The Latest: Brazil president reportedly clears out office

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Posted: May 11, 2016 5:59 PM
The Latest: Brazil president reportedly clears out office

BRASILIA, Brazil (AP) — The Latest on the debate and vote in Brazil's Senate on the impeachment of President Dilma Rousseff (all times local):

6:55 p.m.

The Brazilian newspaper O Estado de S.Paulo says President Dilma Rousseff has packed up all her personal belongings at her office in the Planalto Palace and had them sent to the Alvorada Palace, the official presidential residence.

The move took place Wednesday as the full Senate was meeting in a session that is expected to culminate in Rousseff's impeachment.

The newspaper says Rousseff's books and photos of her daughter and her two grandsons were among the items taken to the Alvorada Palace.

Citing office staff members, the newspaper says paper shredders and document scanners were working nonstop during the day.

Calls to the presidential office to confirm the report went unanswered.

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4:40 p.m.

Brazil's highest court says it has rejected an appeal filed by President Dilma Rousseff's government to halt the impeachment process against her in the Senate.

The Supreme Court says on its website that Justice Teori Zavascki rejected the appeal. Her solicitor general's office argued that last month's vote in the Chamber of Deputies recommending impeachment was riddled with irregularities.

The appeal was turned down as the full Senate was meeting in a session that's expected to culminate in Rousseff's impeachment.

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3:10 p.m.

The atmosphere in Brazil's Senate is subdued as lawmakers debate whether to impeach President Dilma Rousseff.

Most of the seats on the Senate floor has been empty, and the few senators who sitting through their colleagues' speeches have been fiddling with their phones or chatting among themselves.

It's a vivid contrast with the circus-like atmosphere at last month's vote in the lower house. Then, members of the Chamber of Deputies broke into raucous cheers and occasionally popped confetti cannons as they declared their votes.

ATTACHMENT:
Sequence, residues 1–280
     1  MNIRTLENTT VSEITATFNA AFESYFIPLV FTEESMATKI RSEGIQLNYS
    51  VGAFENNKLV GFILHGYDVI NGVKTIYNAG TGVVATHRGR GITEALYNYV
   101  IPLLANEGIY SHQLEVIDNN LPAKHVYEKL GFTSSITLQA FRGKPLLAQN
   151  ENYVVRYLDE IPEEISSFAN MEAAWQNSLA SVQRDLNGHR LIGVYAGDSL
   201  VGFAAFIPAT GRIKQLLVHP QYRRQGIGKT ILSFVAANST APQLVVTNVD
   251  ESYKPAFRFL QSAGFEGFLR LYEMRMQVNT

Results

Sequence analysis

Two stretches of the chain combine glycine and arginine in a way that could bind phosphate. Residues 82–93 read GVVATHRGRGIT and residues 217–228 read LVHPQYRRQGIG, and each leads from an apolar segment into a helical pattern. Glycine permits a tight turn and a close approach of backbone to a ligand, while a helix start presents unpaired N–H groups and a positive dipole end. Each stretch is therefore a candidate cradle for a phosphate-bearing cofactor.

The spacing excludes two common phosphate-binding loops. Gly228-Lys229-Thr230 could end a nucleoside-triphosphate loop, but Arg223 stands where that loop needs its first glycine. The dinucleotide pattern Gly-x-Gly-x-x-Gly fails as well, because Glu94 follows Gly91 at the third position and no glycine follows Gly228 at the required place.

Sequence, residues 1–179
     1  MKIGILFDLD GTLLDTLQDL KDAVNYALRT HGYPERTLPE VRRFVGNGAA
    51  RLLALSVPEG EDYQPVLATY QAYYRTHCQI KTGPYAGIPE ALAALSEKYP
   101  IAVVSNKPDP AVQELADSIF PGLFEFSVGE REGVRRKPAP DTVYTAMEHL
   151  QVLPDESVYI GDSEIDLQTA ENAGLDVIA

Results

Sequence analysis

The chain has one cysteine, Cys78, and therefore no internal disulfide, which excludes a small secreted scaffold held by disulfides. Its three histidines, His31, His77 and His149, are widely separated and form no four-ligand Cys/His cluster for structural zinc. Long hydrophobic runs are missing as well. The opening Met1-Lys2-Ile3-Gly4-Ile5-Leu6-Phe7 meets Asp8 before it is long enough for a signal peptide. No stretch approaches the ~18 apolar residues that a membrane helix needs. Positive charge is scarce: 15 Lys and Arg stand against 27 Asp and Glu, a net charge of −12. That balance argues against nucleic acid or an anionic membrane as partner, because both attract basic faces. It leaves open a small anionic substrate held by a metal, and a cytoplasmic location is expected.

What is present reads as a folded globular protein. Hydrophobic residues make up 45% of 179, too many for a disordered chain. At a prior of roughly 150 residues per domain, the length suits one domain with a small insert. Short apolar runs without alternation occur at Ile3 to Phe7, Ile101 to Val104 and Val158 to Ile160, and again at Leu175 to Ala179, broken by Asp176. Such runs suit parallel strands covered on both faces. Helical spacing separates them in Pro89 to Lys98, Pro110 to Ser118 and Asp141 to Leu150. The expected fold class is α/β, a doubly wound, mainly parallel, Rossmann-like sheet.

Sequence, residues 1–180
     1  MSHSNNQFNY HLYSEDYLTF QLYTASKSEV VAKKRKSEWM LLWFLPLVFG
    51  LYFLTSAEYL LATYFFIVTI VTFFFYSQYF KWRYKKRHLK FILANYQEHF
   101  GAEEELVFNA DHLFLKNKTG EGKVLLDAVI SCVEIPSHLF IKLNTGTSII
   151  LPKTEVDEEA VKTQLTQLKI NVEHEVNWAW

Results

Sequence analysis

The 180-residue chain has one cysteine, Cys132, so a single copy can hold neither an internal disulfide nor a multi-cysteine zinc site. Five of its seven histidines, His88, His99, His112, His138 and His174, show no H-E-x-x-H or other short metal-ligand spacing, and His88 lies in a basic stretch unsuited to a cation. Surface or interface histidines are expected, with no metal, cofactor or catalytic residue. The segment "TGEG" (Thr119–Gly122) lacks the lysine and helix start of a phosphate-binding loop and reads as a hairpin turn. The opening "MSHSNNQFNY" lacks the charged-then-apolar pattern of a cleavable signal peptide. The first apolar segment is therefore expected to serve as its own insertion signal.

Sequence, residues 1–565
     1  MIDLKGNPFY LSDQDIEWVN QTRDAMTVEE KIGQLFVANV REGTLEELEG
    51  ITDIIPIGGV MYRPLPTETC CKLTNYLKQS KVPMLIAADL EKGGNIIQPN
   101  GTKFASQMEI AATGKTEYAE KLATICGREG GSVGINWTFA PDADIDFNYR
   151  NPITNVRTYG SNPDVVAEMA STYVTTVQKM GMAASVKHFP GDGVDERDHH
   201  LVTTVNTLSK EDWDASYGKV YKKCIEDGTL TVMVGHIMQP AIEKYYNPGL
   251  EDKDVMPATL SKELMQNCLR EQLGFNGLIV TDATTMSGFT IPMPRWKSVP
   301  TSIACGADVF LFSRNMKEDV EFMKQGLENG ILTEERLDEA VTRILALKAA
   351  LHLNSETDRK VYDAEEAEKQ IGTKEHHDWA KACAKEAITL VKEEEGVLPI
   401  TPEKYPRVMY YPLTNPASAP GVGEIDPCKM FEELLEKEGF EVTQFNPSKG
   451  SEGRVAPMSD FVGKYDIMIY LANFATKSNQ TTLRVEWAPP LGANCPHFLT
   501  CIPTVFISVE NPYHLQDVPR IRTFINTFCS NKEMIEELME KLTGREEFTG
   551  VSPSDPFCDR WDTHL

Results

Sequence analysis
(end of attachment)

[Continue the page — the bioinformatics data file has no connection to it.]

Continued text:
The Senators speaking Wednesday are taking pains to mention the allegations of fiscal mismanagement that are the basis of the impeachment proceedings. Most of the lower house lawmakers dedicated their votes to God, country and family.

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2:50 p.m.

Even allies of Brazil's President Dilma Rousseff are signaling they expect the Senate will impeach her and suspend her from office.

The head of her Workers' Party in the Senate appeared to concede defeat as he spoke to reporters on the sidelines of Wednesday's session.

Sen. Humberto Costa says "there is no other path for us than opposition." But he added that it would be "very firm opposition."

A simple majority of the 81 senators would be enough to start an impeachment trial that could last six months. It would take a two-thirds majority following the trial to permanently remove the president.

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12:30 p.m.

Pope Francis is addressing the political crisis expected to result in the impeachment of Brazilian President Dilma Rousseff. He's calling for "prayer and dialogue" in Latin America's biggest country.

During his general audience on Wednesday, the pontiff said he hopes that Brazil "proceeds on the path of harmony and peace."

His statement was posted on the Vatican Radio Web site.

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9:50 a.m.

Brazil's Senate has kicked off a session that's expected to culminate in a vote on whether to impeach President Dilma Rousseff.

If a simple majority of the 81 senators vote in favor, Rousseff will be suspended from office and Vice President Michel Temer will take over for up to six months pending a decision on whether to remove her from office permanently.

Senate President Renan Calheiros has said he wants the vote to happen Wednesday night.

The impeachment hinges on allegations Rousseff violated fiscal rules in handling the federal budget. But it's also become largely a referendum on her presidency amid a deep recession and a vast kickback scheme in state oil company Petrobras.

Rousseff denies any wrongdoing and insists the impeachment amounts to a "coup" aimed at removing her left-leaning Workers' Party, in power for 13 years.